Informace o publikaci

Individual Variation in Thermal Reaction Norms Reveals Metabolic-Behavioral Relationships in an Ectotherm



Rok publikování 2022
Druh Článek v odborném periodiku
Časopis / Zdroj Frontiers in Ecology and Evolution
Fakulta / Pracoviště MU

Přírodovědecká fakulta

Klíčová slova amphibians; energy management; locomotor activity; metabolic rate; repeatability; thermal adaptation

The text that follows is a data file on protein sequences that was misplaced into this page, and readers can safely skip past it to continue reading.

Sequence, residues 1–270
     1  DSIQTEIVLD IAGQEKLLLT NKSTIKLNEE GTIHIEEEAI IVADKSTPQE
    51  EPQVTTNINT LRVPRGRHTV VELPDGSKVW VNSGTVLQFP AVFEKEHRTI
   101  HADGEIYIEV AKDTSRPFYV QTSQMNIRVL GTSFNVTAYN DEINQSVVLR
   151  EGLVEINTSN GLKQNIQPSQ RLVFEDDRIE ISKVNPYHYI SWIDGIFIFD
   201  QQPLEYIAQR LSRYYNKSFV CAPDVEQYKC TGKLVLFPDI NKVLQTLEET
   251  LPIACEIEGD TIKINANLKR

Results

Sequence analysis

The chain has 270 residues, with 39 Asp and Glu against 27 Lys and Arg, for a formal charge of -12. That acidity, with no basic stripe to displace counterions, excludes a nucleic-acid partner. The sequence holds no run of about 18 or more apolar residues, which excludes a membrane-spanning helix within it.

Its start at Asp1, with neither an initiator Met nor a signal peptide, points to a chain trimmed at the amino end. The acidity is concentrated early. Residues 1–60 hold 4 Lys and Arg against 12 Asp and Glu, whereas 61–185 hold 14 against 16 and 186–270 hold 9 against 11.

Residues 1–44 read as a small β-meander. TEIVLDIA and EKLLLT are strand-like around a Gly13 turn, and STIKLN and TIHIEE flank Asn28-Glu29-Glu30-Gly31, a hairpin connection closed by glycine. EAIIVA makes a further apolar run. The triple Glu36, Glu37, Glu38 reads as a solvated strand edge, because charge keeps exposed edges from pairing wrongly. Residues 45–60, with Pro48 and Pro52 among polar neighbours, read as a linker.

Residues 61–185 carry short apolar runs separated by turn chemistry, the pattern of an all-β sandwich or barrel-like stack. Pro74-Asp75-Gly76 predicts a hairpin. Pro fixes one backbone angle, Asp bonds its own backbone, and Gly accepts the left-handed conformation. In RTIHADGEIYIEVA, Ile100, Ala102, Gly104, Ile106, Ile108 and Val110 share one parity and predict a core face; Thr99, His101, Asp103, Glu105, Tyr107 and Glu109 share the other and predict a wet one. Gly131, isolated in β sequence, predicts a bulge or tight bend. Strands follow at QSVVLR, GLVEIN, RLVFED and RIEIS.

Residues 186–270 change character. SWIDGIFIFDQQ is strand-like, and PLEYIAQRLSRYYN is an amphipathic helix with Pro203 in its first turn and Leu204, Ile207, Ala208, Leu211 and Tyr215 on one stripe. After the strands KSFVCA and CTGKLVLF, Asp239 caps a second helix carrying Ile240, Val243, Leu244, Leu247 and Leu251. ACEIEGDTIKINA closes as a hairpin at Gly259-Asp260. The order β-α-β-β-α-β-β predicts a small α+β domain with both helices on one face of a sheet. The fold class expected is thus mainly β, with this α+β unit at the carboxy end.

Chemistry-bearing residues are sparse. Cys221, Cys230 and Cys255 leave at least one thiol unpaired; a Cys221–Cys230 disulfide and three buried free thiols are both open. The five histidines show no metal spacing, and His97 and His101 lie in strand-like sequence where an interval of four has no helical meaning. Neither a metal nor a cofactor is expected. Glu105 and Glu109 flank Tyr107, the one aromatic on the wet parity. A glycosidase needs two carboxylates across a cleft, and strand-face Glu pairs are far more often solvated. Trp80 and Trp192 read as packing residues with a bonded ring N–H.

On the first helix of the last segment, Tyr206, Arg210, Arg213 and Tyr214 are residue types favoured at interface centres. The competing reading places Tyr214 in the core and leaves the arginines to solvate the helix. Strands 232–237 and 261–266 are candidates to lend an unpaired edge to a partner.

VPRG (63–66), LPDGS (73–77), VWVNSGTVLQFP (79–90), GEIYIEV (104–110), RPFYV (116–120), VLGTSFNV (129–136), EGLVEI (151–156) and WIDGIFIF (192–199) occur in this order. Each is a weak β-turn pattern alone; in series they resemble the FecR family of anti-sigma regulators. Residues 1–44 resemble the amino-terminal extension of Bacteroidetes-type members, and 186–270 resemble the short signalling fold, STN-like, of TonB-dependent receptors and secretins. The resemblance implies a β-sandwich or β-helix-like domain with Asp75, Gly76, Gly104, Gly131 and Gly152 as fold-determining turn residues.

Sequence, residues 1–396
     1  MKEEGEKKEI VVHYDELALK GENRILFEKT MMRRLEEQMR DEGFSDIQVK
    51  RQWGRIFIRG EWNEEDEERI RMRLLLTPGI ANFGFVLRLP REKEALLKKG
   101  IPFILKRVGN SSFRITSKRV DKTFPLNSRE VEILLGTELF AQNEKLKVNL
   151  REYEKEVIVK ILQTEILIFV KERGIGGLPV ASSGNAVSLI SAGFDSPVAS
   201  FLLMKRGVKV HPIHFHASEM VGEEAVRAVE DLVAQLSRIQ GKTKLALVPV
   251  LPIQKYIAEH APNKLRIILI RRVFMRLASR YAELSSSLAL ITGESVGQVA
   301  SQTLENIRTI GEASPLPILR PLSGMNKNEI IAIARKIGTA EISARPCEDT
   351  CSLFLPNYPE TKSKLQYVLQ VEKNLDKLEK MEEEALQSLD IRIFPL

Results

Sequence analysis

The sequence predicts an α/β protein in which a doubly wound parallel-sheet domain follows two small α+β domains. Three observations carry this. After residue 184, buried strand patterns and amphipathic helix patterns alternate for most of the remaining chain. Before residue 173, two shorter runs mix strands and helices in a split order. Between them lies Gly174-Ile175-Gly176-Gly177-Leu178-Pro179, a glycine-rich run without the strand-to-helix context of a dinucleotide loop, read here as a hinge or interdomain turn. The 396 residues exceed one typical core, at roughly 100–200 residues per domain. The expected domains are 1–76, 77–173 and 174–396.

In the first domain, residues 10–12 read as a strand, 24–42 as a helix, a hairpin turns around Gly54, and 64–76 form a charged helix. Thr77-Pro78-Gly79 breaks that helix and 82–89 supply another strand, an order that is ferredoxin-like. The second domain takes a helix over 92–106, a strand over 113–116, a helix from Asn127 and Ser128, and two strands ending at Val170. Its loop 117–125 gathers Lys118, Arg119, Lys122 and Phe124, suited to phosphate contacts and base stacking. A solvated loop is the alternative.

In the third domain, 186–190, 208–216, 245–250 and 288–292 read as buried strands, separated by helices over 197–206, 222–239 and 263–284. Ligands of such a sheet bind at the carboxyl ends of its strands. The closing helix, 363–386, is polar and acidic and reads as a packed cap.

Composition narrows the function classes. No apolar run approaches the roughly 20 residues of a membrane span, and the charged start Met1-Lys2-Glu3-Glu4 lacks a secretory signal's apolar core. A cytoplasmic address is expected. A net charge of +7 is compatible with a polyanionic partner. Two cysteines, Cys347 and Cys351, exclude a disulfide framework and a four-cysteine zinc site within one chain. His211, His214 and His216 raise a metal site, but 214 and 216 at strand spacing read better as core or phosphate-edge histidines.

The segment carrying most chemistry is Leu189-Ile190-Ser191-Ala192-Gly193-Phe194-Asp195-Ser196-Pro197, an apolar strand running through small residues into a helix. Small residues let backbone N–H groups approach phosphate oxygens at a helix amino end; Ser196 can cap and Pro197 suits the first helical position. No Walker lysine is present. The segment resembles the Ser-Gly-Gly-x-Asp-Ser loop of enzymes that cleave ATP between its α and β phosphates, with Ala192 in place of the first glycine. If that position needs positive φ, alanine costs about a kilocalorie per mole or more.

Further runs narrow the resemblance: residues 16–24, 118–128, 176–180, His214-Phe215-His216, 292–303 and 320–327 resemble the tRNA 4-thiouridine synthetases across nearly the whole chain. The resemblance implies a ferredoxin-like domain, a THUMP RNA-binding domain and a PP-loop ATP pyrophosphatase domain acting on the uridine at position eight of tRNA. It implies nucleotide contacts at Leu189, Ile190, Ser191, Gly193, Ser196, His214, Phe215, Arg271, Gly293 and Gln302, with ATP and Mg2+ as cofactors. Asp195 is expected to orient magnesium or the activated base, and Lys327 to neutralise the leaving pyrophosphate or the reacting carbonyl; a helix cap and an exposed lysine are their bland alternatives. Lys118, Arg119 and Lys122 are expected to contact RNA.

Popis Ectothermic organisms respond to rapid environmental change through a combination of behavioral and physiological adjustments. As behavioral and physiological traits are often functionally linked, an effective ectotherm response to environmental perturbation will depend on the direction and magnitude of their association. The role of various modifiers in behavioral-physiological relationships remains largely unexplored. We applied a repeated-measures approach to examine the influence of body temperature and individual variation on the link between resting metabolic rate (RMR) and exploratory locomotor activity (ELA) in juvenile Alpine newts, Ichthyosaura alpestris. We analyzed trait relationships at two body temperatures separately and as parameters, intercepts and slopes, of thermal reaction norms for both traits. Body temperature affected the level of detectable among-individual variation in two different directions. Among-individual variation in ELA was detected at 12°C, while RMR was repeatable at 22°C. We found no support for a link between RMR and ELA at either temperature. While analysis of intercepts revealed among-individual variation in both traits, among-individual variation in slopes was detected in RMR only. Intercepts were positively associated at the individual, but not the whole-phenotypic, level. For ELA, the target of selection should be individual trait values across temperatures, rather than their thermal sensitivities. The positive association between intercepts of thermal reaction norms for ELA and RMR suggests that phenotypic selection acts on both traits in a correlated fashion. Measurements at one body temperature and within-individual variation hide the metabolic-behavioral relations. We conclude that correlative studies on flexible behavioral and physiological traits in ectotherms require repeated measurement at two or more body temperatures in order to avoid misleading results. This approach is needed to fully understand ectotherm responses to environmental change and its impact on their population dynamics.
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